May, 2016

Rediscovering the Rich Visual Legacy

Rediscovering the Rich Visual Legacy

The Knoxville 7 exhibition, which included more than seventy works, many of which had not been shown publicly for more than fifty years, was a revelation. Anyone who saw it will never again understand the cultural history of Knoxville in quite the same way. The Knoxville 7 exhibition demonstrated dramatically that, far from being an artistic backwater, Knoxville was a vital, confident, and sophisticated art center in the 1950s and 1960s, conversant with national and international trends, just as it had been in the early twentieth century and is again today. It is gratifying that nearly half of the works displayed came from the KMA collection. Several generous owners of Knoxville 7 material were inspired by the exhibition to enrich further the museum’s holdings in this area.

The groundbreaking Knoxville 7 show is just one of the many exciting developments that have grown out of the KMA’s strategic decision to focus on homegrown visual traditions. That effort began more than eight years ago with the installation of the museum’s flagship exhibition Higher Ground: A Century of the Visual Arts in East Tennessee, and has since been joined by the permanent installations Currents: Recent Art from East Tennessee and Beyond and Cycle of Life: Within the Power of Dreams and the Wonder of Infinity. The latter, the world’s largest figural glass installation, by internationally-known Knoxville artist Richard Jolley, spawned yet another permanent exhibition, dedicated to glass as a contemporary art medium.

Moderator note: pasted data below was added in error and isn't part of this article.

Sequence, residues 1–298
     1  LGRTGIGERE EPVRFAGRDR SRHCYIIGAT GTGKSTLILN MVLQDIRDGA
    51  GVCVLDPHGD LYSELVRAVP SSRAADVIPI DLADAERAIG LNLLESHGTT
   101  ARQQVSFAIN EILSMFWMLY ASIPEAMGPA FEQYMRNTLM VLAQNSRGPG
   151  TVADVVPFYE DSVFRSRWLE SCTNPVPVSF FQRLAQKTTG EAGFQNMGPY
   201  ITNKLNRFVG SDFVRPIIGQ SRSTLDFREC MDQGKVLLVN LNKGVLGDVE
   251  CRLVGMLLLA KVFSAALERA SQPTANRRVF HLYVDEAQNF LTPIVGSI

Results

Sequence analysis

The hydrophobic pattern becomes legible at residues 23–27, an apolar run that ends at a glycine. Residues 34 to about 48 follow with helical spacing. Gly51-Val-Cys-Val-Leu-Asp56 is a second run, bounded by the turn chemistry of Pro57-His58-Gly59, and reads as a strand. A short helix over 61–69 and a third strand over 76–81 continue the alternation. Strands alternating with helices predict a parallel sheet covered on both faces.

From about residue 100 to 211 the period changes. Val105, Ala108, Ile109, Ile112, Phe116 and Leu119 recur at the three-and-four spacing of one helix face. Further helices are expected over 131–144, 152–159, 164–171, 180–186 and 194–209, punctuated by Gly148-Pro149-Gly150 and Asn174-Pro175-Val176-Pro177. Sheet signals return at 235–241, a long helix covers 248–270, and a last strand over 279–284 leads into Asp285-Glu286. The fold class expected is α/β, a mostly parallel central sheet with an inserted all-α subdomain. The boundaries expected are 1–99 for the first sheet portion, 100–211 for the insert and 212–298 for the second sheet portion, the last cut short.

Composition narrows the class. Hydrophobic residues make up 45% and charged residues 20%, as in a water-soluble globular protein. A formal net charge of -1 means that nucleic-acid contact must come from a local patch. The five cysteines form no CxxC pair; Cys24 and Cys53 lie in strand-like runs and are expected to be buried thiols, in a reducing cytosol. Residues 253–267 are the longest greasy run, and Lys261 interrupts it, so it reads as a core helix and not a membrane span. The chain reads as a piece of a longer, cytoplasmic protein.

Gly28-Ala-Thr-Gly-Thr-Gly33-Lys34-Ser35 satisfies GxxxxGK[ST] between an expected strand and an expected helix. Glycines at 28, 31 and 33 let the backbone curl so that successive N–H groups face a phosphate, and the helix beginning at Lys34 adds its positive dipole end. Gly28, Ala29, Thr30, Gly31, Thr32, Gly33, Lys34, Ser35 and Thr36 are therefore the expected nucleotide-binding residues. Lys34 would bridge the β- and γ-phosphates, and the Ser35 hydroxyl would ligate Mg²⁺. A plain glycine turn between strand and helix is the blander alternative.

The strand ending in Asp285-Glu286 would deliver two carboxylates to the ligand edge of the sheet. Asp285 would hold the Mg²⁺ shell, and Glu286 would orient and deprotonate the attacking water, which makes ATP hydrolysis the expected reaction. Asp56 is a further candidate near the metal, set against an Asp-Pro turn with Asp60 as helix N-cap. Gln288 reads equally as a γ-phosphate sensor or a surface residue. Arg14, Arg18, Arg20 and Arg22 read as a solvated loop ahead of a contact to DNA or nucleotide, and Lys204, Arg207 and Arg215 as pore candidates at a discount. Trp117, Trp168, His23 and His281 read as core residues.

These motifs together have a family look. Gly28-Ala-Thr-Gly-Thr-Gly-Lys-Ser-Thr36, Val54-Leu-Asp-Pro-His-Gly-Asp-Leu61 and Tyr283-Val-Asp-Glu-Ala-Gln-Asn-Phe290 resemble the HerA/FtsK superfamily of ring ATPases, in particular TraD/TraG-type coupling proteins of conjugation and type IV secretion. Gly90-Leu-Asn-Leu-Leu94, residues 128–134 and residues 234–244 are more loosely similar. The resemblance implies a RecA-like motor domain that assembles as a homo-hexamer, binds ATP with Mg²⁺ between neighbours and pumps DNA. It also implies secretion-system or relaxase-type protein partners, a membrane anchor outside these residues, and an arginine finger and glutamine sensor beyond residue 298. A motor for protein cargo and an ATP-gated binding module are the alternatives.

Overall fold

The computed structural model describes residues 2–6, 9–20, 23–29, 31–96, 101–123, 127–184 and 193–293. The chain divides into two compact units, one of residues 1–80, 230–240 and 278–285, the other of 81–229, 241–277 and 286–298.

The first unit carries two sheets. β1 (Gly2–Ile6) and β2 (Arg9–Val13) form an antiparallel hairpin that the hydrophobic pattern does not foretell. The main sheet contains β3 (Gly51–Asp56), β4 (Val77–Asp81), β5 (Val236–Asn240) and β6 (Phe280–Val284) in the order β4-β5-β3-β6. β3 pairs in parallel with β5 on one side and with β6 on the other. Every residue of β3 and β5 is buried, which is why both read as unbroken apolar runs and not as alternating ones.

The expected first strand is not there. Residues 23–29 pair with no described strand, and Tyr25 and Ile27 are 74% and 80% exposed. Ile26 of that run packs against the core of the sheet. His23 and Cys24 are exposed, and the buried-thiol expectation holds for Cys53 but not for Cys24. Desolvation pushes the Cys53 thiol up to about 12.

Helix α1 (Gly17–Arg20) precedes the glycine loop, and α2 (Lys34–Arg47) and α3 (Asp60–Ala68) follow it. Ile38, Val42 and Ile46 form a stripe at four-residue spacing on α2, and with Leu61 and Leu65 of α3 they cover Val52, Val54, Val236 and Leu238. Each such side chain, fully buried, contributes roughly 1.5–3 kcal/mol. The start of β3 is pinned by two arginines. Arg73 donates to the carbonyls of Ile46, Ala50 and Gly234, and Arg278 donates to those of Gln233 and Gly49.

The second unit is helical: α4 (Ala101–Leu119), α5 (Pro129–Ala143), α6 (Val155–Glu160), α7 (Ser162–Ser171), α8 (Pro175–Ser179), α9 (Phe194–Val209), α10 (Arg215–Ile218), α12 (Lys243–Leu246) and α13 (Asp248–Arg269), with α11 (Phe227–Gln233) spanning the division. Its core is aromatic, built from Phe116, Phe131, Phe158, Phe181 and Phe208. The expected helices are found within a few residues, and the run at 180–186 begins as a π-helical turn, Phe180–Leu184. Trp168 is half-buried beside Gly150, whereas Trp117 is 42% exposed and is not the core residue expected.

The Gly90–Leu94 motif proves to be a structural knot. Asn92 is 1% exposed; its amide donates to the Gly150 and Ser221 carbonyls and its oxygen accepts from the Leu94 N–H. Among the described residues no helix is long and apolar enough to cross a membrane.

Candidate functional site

Knoxville native Beauford Delaney (1901-1979) represents another fascinating chapter of our region’s rich artistic legacy. In terms of national and international reputation, and his place in the mainstream of American and European modernism, Beauford is arguably the most important artist Knoxville ever produced. He spent the last decades of his life in Paris, where much of what he produced there remains and where he is far better known and more highly esteemed than in his hometown. For the past several years the museum has dedicated itself to building up its holdings of works by Beauford, which are hard to come by, and expensive. Visitors can now enjoy a representative sampling of his output in Higher Ground, and we hope to continue to acquire more by this indispensable modernist. This past February, KMA Curator Stephen Wicks and I, along with a contingent of museum trustees and friends, were honored to attend the opening of an exhibition in Paris of works from private collections there. We were moved by the dedication of Les Amis de Beauford Delaney in preserving and honoring his legacy, and inspired to redouble our efforts to that end over here. We hope to cultivate relationships with new friends in Paris and eventually bring some Beauford Delaney works from there to Knoxville—stay tuned!

We are still in the early, foundational stages of rediscovering the rich visual legacy of our East Tennessee home. That story continues to unfold in unexpected and delightful ways, and I look forward to seeing what lies just over the horizon.

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